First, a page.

Azure Route Service is just another service in a Virtual Network, which means, has its own management interface, user experience, and integration. When you set up a Hub Virtual Network comparable to Virtual WAN, you would need to add the following additional components.
Virtual Network with Virtual Network Peering
Network Security Groups
Azure Route Service
Virtual Network Gateway for VPN
Virtual Network Gateway for ExpressRoute
Network Virtual Appliance
Every of these components comes with its own configuration interface, which you need to know, understand, configure and master. Changes you do on one or the other maybe not be reflected between each other.
Components in an unmanaged Virtual Network have also additional downsides, that you do not have in Virtual WAN. One major downside is the scalability of Virtual Network Gateways. The change of an SKU of a Virtual Network Gateway requires a redeployment of the Gateway and comes with a 30-minute down time. It is also very complex to build a coexistence between Azure ExpressRoute and VPN in an unmanaged Virtual Network. Redundancy from non-Microsoft components like Network Virtual Appliances needs to be managed by the customer. That requires a high amount of knowledge on the Network Virtual Appliances and Azure.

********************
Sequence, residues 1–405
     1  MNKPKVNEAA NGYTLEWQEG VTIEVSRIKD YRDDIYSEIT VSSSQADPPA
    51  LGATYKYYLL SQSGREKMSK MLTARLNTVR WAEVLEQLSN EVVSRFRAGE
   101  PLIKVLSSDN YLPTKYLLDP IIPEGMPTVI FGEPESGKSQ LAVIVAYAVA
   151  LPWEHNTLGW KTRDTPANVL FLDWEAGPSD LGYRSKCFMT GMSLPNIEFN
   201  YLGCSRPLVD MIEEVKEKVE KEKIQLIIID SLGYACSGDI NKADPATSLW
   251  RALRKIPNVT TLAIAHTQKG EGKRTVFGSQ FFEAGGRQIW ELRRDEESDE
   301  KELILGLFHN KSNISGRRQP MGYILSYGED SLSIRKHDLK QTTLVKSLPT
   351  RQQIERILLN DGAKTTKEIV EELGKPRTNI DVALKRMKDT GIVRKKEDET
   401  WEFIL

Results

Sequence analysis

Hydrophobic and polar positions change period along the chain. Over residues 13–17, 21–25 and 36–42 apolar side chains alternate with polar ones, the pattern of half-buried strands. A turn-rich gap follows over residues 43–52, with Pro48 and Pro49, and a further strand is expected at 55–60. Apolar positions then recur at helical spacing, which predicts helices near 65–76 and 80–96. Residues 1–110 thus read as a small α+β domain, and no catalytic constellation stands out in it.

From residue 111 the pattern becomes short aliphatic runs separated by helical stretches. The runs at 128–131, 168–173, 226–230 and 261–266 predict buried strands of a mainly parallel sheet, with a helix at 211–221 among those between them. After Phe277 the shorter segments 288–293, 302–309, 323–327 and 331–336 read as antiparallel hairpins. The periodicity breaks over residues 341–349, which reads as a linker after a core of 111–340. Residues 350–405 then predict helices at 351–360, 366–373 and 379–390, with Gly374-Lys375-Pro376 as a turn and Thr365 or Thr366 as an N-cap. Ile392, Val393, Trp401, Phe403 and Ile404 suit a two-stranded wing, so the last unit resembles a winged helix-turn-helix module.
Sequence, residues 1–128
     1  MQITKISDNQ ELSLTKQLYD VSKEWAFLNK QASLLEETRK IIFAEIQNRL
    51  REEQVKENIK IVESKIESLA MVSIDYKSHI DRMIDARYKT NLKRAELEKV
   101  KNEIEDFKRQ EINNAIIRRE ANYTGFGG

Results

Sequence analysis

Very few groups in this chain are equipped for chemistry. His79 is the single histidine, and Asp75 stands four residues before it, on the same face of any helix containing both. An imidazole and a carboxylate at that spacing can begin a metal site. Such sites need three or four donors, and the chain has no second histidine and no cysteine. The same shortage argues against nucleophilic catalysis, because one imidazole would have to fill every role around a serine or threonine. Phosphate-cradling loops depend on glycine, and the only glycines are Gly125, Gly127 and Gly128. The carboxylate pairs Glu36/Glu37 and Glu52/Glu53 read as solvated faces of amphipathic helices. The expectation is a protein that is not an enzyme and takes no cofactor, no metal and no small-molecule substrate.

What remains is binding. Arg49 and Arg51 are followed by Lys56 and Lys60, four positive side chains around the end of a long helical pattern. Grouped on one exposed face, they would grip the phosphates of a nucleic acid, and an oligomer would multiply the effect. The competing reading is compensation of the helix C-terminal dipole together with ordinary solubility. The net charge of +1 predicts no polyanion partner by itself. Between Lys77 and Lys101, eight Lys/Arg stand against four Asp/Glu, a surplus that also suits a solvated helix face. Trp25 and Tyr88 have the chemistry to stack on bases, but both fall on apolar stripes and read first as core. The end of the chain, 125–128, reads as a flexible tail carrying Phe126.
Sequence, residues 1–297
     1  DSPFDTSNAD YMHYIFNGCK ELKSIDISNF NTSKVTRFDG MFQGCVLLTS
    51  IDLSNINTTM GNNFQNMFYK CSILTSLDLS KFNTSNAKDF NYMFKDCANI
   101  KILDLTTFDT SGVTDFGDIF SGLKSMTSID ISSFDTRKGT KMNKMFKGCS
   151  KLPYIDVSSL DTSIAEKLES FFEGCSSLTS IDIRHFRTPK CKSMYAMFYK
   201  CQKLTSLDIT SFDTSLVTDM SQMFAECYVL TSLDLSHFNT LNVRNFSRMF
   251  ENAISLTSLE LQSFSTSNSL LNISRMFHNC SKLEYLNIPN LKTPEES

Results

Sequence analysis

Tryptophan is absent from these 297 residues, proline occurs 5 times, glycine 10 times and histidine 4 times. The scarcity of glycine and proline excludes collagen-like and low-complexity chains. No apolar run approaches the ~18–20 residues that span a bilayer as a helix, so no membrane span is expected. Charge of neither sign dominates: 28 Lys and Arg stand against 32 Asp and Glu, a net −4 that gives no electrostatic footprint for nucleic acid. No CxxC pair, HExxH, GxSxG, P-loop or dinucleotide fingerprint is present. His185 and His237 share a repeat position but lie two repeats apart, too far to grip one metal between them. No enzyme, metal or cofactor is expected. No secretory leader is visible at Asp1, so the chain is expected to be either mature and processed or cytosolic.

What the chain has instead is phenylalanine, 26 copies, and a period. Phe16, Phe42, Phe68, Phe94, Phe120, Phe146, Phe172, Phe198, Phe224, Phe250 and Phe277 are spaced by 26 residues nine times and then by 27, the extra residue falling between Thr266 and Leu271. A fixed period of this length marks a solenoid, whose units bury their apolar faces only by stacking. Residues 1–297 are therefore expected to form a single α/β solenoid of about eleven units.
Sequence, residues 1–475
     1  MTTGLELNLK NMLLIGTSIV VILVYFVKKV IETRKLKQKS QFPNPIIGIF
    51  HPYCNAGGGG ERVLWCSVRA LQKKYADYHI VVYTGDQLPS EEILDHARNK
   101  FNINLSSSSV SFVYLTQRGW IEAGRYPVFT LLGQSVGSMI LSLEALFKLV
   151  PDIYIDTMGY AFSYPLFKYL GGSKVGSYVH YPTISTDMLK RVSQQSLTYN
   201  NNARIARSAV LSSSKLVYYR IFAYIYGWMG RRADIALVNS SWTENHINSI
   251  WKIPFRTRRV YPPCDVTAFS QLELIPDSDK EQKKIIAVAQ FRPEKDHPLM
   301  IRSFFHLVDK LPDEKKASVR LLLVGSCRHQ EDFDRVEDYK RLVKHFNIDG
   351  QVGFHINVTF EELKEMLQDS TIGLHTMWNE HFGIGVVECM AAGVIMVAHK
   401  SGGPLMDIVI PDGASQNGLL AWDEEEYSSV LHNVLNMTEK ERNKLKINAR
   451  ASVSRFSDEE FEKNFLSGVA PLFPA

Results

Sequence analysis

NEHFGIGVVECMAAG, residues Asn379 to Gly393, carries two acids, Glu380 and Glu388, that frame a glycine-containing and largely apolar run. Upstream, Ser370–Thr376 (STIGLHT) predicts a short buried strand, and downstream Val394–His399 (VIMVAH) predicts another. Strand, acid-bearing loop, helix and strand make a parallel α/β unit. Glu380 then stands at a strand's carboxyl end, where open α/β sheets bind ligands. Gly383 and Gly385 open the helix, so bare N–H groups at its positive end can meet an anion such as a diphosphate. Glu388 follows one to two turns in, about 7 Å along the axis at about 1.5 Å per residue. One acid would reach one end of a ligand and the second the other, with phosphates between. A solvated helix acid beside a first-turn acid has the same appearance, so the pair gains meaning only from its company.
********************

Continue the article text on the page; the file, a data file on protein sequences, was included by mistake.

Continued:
But there are benefits too. A Virtual Network can host Virtual Machines and does not require a shared service spoke architecture in Virtual WAN, so if you prefer a single Virtual Network over Hub and Spoke, that would still be the way to go. You have also the option to build out possible use cases that are not directly supported not implemented in Virtual WAN yet.
Route Server Limits